Note that Ms Palmer is not letting anyone have her music for free (although you get a digital download of the album for only $1). Nor is she letting other people pretend that they wrote her music. She still relies fundamentally on copyright. What she is doing is using crowd-sourced funding rather than a record company, while still allowing copying under conditions she controls. This is less about copyright and copying than it is about experimenting with a different business model for music.

Alternatives to all rights reserved

Speaking of alternative business models, there is the extraordinary example of Free and Open Source Software, FOSS (interesting history) – a large industry of software developers who let you freely use the code they write, alter it, and even sell the result if you can (the “Free” refers to the freedom to copy and re-use, not to the price of the software or installation, support or customisation services that firms provide).

FOSS is remarkably successful. It now powers the vast majority of all websites and webservers, most existing cloud providers and cloud services including those provided by, for example, Google, or Facebook, and most of the world’s supercomputers (click on the “By Os” button). The Android smartphone platform is built on FOSS. So is the software in many special-purpose electronic devices, e.g., flat screen TVs, internet routers, wireless networking devices, or web cams.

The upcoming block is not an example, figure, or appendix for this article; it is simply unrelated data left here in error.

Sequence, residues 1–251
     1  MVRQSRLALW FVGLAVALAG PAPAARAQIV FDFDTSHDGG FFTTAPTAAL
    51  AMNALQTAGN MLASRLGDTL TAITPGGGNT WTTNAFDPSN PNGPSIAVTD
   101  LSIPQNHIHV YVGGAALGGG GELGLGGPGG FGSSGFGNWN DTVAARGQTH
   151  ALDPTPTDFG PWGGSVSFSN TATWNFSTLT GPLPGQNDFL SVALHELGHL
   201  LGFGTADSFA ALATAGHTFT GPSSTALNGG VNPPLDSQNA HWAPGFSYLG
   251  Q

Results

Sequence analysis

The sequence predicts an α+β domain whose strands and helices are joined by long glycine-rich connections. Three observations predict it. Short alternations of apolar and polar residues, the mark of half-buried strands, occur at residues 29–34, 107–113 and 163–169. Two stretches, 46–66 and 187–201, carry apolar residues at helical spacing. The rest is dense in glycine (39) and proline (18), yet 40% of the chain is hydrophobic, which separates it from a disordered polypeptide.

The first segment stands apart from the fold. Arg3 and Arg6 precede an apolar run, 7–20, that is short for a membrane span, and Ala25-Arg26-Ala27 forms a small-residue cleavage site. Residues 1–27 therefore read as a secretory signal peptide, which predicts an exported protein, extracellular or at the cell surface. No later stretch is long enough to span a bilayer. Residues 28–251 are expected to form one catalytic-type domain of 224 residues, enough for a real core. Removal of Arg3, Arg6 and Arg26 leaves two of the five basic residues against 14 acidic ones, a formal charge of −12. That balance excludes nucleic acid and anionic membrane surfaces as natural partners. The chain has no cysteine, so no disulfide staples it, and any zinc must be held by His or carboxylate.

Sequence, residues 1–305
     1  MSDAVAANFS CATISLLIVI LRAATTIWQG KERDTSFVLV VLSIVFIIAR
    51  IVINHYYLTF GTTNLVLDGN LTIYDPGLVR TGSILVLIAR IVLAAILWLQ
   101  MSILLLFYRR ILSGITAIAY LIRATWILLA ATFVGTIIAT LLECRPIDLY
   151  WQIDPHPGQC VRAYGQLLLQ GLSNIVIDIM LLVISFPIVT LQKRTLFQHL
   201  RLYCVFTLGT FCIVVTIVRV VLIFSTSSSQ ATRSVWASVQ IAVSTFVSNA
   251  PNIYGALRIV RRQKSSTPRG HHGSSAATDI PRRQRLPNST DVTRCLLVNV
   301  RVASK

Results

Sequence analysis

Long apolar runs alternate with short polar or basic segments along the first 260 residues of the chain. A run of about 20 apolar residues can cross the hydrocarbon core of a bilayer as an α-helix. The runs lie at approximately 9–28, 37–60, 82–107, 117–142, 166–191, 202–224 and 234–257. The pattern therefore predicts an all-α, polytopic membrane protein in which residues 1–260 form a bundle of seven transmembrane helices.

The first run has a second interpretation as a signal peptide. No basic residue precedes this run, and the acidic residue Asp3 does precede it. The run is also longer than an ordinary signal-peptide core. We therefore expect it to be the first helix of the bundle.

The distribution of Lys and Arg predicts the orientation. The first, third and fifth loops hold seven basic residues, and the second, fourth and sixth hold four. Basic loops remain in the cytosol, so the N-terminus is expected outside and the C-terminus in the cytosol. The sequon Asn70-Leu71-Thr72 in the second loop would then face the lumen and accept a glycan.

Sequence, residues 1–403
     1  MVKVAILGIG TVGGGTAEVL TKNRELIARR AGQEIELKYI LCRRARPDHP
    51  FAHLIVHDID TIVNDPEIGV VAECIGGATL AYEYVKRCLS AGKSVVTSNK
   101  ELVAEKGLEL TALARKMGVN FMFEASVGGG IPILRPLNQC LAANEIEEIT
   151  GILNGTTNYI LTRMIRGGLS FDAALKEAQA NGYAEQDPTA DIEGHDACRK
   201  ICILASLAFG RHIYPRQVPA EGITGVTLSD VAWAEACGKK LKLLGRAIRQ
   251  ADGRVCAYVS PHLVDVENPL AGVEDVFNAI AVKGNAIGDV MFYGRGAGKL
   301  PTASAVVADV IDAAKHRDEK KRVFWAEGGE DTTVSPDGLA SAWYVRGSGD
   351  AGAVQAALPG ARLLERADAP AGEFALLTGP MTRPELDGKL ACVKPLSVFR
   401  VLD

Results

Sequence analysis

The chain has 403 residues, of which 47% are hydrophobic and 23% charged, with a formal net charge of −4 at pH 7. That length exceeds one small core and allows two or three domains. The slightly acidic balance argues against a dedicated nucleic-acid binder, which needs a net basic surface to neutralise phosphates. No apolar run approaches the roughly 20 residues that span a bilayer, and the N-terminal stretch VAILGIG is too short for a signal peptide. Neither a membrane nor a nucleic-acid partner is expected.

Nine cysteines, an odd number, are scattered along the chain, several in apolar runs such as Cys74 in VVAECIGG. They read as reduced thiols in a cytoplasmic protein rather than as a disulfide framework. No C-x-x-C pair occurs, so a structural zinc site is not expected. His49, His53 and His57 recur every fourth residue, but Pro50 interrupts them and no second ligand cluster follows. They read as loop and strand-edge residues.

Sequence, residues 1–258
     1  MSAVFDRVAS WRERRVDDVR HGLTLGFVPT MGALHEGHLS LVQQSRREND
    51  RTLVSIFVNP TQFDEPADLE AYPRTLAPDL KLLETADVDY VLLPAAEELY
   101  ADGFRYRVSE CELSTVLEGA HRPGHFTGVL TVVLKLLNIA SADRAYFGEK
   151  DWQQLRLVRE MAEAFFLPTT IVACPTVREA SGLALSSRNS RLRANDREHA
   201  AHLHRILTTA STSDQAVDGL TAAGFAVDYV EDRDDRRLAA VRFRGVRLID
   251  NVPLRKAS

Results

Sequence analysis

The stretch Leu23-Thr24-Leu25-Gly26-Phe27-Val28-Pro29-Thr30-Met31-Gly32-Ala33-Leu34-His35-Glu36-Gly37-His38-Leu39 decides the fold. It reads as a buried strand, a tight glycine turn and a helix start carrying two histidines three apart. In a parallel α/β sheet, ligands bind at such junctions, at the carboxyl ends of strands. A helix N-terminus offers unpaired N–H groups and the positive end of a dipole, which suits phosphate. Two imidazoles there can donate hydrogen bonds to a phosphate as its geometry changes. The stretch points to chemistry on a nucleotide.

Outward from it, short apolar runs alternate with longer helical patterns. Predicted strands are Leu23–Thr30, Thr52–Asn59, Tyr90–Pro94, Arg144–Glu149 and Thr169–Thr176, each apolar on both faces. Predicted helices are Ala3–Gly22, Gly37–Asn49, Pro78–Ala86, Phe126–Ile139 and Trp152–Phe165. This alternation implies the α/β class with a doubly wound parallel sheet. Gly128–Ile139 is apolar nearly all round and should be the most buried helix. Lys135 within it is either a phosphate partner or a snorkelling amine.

FOSS developers do not abandon copyright. In fact it is through copyright that they enforce the licensing conditions of their software, which are intended to promote sharing and protect users’ freedom. Their copyright terms typically define not what rights you have as an author, but instead what freedoms users of your work must continue to enjoy.

Another option for artists, more common outside of software, the six Creative Commons’ licences embody different levels of copyright permission from which authors can choose. All the licences require identification of the original author of a work, but they also allow others to modify, or even sell derivatives of the copyrighted work under conditions. And they enable an author to require users of a work to apply the same conditions to any derivative works.

In sum, the internet is radically changing the content industry. It has brought a huge range of free content to the world, and new freedoms for artists. But the evidence to date suggests that any effective business model still rests on fundamental copyright concepts of attribution, intellectual property, and choices by creators as to whether and how they want to make their work available.

Link to Part 2 of this post


One thought on “There’s life in the old dog yet (Part 1)

  1. Pingback: There’s life in the old dog yet (Part 2) | whereishayden